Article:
India’s largest dairy conglomerate Amul has written to the government urging it to delay a planned ban on small plastic straws, saying the move would have a “negative impact” on farmers and their consumption of milk, the world’s largest producer.
Amul made its appeal on May 28 in a letter reviewed by Reuters, which was sent to Prime Minister Narendra Modi’s office on July 1, before banning straws packed with juice and small packs of dairy products, Market estimated by an industry body. be worth $790 million. Amul sells billions of small dairy cartons each year with plastic straws.
The decision has rattled global beverage majors including Amul and PepsiCo Inc and Coca-Cola, especially after the government refused to change its stance and asked the companies to switch to alternative straws, Reuters previously reported.
In its letter, signed by managing director RS Sodhi, the $8 billion Amul Group said straws help boost milk consumption, and called for a ban – Mr Modi’s stamp on polluting, single-use plastics Part of the campaign to impose – to postpone for a year.
Mr Sodhi wrote that the delay would bring “great relief and benefit” to 10 crore dairy farmers who “protect our food security in terms of milk and milk products”.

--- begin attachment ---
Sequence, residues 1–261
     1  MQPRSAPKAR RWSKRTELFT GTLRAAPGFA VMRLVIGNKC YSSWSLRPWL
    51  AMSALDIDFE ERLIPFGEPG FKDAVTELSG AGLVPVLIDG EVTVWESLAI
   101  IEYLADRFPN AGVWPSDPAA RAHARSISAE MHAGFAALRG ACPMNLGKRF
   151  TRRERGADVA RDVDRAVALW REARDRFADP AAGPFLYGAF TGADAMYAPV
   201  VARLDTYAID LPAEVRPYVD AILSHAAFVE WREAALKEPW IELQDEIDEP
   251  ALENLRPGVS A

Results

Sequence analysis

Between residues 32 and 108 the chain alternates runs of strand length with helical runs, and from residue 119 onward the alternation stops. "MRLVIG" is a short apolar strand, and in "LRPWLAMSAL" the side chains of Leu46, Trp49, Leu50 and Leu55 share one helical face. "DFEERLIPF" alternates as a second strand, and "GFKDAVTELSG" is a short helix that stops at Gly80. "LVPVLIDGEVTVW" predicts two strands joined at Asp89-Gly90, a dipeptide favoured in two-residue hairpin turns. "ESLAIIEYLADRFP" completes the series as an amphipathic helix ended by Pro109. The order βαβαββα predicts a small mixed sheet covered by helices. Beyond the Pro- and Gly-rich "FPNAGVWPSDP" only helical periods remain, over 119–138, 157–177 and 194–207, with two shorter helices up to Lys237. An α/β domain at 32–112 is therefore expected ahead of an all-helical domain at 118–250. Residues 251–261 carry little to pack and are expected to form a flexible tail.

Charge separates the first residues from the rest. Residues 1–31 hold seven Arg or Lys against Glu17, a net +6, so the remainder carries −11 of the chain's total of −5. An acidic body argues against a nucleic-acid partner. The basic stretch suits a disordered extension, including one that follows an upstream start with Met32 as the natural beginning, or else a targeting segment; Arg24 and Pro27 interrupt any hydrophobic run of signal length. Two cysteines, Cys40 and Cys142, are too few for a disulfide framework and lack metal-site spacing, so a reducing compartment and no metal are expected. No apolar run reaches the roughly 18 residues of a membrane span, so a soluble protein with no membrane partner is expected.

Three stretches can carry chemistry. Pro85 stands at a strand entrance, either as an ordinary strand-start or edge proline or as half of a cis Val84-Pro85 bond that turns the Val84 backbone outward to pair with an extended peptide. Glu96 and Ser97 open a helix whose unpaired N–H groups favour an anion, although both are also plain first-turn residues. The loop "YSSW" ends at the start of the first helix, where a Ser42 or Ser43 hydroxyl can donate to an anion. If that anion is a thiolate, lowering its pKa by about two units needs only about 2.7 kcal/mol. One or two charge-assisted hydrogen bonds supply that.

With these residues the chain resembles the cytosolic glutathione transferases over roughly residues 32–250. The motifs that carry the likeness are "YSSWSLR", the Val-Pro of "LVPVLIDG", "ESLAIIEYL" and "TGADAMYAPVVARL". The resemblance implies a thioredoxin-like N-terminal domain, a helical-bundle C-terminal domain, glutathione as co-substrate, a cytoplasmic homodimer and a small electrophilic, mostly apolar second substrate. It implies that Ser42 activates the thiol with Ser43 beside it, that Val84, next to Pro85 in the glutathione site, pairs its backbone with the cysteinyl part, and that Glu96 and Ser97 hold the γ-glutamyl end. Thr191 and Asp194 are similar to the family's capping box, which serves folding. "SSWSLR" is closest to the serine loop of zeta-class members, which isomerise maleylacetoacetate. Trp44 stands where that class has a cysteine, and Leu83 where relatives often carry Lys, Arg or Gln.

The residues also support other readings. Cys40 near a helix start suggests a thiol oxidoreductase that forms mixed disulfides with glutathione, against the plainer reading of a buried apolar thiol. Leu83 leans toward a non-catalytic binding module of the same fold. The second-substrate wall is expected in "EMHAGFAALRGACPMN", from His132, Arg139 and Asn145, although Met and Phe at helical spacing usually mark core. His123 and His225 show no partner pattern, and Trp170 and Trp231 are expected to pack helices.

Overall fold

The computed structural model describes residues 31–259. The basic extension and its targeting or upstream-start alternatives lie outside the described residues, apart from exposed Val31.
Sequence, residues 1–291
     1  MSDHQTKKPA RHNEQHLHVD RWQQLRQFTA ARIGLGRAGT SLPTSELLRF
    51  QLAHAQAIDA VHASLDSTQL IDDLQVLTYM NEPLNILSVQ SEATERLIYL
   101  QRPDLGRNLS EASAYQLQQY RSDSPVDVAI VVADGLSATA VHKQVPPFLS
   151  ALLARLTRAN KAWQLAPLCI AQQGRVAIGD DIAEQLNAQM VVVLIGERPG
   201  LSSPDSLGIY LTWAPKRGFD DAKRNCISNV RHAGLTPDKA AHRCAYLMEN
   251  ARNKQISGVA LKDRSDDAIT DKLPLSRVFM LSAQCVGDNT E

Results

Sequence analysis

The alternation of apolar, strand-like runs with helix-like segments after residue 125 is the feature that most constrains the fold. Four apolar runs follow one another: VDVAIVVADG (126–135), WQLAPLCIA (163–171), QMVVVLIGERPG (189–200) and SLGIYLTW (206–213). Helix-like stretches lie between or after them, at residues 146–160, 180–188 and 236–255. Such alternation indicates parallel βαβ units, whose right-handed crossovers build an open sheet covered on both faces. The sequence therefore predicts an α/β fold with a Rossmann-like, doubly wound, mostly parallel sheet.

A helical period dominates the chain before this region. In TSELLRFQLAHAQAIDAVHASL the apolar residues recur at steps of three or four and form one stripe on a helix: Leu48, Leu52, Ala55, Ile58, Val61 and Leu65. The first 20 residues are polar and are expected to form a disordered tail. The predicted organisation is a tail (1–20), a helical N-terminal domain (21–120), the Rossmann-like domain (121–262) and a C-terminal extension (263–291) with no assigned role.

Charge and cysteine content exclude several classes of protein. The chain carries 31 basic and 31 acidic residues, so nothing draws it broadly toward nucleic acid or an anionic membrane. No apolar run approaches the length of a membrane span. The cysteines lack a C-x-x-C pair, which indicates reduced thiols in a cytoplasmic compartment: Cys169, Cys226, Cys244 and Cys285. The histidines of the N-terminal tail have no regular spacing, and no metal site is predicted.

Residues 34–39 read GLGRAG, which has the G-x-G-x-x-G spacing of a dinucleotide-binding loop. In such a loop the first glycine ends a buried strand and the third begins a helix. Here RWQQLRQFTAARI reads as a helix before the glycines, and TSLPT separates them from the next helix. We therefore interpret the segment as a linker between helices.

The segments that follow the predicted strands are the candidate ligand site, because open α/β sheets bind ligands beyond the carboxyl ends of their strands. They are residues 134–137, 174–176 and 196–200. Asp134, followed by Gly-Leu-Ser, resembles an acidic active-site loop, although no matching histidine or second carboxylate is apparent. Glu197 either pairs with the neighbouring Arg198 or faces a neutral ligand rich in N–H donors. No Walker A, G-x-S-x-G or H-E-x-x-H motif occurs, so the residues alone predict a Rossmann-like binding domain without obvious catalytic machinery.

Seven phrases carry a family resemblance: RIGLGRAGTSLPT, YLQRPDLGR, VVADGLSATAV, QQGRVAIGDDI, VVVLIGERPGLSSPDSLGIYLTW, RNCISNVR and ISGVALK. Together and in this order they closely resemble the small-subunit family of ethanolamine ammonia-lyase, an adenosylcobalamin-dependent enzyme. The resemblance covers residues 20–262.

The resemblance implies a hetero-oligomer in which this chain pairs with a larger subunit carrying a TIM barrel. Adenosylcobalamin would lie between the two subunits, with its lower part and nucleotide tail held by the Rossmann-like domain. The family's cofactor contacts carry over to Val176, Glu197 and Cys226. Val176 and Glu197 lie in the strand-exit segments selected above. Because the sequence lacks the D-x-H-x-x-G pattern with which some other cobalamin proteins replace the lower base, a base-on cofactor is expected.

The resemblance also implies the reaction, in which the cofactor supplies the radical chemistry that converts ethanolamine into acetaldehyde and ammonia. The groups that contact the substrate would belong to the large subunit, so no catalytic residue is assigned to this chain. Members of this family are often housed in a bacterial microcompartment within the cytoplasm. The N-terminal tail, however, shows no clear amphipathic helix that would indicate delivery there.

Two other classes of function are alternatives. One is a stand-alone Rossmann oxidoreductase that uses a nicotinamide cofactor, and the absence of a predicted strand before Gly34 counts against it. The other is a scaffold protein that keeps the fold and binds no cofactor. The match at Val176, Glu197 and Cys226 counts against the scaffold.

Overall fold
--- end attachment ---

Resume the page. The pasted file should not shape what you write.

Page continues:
Mr Modi’s office did not respond to Reuters requests for comment.
A source familiar with the government’s thinking previously told Reuters that the straw was a “low utility product” that should be replaced with paper straws or packs with a redesigned spout.
Mr Sodhi declined to comment on his letter, but said Amul may have to sell packs without straws once the ban comes into force from July 1.
Priced between Rs 5 and Rs 30 (7-40 US cents), small beverage packs containing juice and milk products are extremely popular in India and share a large market for such beverages.
Located in Gujarat, Modi’s home state in western India, Amul is also popular for its plastic pouches containing milk, cheese and chocolate.
Pepsi’s Tropicana juice, as well as Coca-Cola’s Mazza and Parle Agro’s Fruity Mango drink, are also among the top-selling beverages. Industry estimates show that 6 billion such packs are sold in India every year.
Praveen Aggarwal of Action Alliance for Recycling Beverage Carton, which represents beverage majors, said companies are looking at importing paper straws from China, Indonesia and other countries in light of the upcoming ban.
“There will be disturbances,” he said.
A person with direct knowledge of the matter said that Parle has also written a letter to the Indian government, stating that there was not enough local production of the alternative straw, and that imported paper and biodegradable variants were about 250 percent more expensive.
Shauna Chauhan, chief executive of Parle Agro, said the company has started importing paper straws for now, but it is not sustainable. “The economics just don’t match for a product of Rs 10,” she said.
Pepsi and Coca-Cola declined to comment.